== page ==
The grey-haired man turned from his silent contemplation of the Eastern Ocean. A small smile cracked his stern countenance as his youngest grandson entered the room. All of his grandchildren were dear to him, but this youngest son of his youngest son held a special place in his heart. The young man walked toward him with the breezy grace of his mother's people—she was a willow dryad after all—stopping when a few feet away from him.
For a moment, the two regarded each other with solemn stares but soon Cináed's lips began to twitch. A moment more and laughter spilled from his lips.
"One day, Grandfather! One day I'll beat you at your own game."
An answering smile spread across the older man's face. "Perhaps. Perhaps not. Come here." He pulled his grandson to him in a warm embrace and pressed a kiss to the top of his head. Stepping back he surveyed him with pleasure. "Now. What is it that brings you here, hmm? It is not often that I have this pleasure unannounced."
"Unannounced, yes. But is it truly unexpected, Grandfather?" Cináed's piercing green eyes pinned his grandfather's and searched them deeply.
"No. No I suppose it is not," he sighed. "I knew one of you would seek me out and you…you are the most perceptive. What do you want to know?"
"Why would you not treat with the Telmarine ambassadors? Their request was reasonable enough. Yet you spoke out against them in the council more harshly than I have ever heard you speak. Why? You are not called 'Farsight' without reason."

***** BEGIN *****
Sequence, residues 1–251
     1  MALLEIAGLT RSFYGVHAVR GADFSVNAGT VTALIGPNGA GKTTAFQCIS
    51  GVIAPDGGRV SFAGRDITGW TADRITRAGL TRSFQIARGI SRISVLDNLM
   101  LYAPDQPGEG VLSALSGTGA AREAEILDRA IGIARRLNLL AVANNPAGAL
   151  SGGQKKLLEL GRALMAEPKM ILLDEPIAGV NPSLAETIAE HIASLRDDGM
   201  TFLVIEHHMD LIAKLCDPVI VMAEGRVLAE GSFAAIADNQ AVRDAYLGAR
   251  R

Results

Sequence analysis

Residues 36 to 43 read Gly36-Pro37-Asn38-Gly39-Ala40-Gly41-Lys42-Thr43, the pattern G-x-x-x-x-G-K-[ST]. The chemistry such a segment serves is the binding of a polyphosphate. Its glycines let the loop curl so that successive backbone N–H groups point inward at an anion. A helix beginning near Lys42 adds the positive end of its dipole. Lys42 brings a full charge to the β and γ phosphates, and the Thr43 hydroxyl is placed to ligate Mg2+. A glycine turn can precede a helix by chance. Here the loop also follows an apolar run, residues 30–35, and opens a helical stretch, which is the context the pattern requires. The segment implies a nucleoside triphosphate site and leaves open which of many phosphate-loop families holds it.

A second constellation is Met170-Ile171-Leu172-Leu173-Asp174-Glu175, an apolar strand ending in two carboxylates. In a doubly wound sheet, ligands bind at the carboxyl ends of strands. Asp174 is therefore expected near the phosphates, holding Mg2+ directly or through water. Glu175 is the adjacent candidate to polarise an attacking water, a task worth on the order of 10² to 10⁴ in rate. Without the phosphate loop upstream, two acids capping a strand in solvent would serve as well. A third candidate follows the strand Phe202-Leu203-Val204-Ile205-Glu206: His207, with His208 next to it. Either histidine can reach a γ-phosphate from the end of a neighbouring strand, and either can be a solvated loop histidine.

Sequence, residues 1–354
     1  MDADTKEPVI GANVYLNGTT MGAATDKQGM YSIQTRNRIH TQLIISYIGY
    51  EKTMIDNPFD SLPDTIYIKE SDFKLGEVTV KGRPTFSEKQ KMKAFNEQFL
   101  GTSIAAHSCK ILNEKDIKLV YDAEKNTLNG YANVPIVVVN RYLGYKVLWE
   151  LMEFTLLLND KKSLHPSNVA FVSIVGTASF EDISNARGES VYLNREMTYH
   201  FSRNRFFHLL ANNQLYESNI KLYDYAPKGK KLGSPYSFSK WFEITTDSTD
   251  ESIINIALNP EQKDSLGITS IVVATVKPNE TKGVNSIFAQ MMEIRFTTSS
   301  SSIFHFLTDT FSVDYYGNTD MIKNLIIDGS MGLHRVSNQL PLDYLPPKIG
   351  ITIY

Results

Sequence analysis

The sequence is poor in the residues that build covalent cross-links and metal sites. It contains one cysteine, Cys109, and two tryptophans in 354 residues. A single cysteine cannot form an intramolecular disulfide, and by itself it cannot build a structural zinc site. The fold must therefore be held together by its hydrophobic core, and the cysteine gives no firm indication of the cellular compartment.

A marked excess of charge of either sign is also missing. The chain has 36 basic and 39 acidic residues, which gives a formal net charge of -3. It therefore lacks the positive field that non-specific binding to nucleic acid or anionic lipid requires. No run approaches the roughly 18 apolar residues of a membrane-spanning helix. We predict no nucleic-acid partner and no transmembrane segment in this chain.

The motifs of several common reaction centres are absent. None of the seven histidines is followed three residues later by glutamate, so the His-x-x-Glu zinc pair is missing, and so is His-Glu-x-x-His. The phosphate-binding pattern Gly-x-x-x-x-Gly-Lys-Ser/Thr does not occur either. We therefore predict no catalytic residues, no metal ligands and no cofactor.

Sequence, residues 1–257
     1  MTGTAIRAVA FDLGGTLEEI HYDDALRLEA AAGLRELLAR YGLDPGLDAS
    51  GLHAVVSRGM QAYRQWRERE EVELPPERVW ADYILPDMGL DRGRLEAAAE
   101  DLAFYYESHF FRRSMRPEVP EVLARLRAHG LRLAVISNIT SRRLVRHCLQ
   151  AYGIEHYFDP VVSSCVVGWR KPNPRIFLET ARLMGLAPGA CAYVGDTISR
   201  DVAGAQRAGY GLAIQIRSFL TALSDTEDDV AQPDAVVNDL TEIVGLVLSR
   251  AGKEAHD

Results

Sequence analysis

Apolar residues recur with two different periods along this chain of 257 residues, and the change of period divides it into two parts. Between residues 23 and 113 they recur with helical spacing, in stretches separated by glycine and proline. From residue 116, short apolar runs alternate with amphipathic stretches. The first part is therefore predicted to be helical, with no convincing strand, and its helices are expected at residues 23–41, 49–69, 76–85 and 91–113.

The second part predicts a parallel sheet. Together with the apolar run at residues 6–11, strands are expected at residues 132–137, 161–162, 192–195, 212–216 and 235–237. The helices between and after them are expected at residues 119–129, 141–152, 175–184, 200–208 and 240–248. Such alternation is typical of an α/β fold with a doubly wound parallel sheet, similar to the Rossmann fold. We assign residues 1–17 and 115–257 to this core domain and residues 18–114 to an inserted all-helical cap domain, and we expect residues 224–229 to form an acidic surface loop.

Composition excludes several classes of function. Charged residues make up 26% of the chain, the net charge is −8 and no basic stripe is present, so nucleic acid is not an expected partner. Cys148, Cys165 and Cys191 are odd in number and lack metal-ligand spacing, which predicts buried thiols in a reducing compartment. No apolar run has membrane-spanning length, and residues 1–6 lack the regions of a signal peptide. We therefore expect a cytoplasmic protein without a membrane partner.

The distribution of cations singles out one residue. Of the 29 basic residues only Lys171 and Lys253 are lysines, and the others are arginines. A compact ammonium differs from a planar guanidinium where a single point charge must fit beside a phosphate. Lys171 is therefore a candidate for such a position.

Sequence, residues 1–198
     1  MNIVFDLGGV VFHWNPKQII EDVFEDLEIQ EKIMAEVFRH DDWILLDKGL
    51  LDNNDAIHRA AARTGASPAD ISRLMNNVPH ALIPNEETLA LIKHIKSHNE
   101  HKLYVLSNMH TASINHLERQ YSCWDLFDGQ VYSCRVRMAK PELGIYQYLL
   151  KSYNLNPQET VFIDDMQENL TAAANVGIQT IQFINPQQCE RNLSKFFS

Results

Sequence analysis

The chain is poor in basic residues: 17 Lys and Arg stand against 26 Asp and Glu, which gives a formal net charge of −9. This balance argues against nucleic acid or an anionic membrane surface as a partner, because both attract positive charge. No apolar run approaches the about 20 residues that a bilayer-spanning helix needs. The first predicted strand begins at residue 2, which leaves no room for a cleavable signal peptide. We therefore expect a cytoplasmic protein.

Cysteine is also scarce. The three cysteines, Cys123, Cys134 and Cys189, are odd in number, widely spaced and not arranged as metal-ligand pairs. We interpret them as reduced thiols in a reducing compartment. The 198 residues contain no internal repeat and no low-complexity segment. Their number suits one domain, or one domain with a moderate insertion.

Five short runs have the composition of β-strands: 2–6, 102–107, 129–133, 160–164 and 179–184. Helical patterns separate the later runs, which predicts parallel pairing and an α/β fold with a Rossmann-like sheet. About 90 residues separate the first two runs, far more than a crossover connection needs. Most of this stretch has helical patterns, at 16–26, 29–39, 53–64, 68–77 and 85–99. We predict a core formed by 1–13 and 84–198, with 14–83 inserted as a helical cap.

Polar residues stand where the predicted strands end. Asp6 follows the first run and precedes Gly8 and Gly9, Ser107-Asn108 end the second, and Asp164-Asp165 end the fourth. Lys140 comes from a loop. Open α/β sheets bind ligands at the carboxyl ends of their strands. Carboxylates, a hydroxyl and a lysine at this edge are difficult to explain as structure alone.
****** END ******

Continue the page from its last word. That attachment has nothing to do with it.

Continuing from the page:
"Do you really want to know?"
"I would not have asked if I did not."
"There is a pen, ink, and parchment in the desk. Get it out."
"It is a tale that few wish to remember, Cináed. But it must be. Even Cheroom never heard the whole story and it is recorded in only a few words in his books. But I will tell the whole. Let Narnia and her enemies remember the Golden Fire."
Silently, Cináed walked over to the desk, pulled out a stack of parchment, selected a pen, and sat down with it at the ready. His grandfather stood silently at the window, looking out again at the now dark ocean, his face pained with some terrible memory. Slowly, Jaer Courage Peridanson, Lord of Beruna, knight of the Most Noble Order of the Lion, Steward of Cair Paravel, and called Farsight by his people, began to speak.
"It all began on a bright spring day in the month of Quickening in the ninth year of the reign of High King Peter called the Magnificent, Queen Susan called the Gentle, King Edmund called the Just, and Queen Lucy called the Valiant…"